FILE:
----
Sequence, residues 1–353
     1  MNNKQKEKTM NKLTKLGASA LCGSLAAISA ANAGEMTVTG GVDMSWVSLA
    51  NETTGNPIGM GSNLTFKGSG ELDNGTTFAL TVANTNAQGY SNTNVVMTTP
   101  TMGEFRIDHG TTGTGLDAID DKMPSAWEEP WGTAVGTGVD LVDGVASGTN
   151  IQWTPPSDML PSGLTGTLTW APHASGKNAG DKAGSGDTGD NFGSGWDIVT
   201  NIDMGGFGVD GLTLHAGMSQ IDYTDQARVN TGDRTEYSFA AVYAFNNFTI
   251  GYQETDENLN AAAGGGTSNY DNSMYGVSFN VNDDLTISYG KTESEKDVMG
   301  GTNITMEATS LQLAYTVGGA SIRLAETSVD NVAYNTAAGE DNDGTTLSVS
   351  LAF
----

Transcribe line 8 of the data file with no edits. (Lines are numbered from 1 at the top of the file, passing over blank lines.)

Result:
   301  GTNITMEATS LQLAYTVGGA SIRLAETSVD NVAYNTAAGE DNDGTTLSVS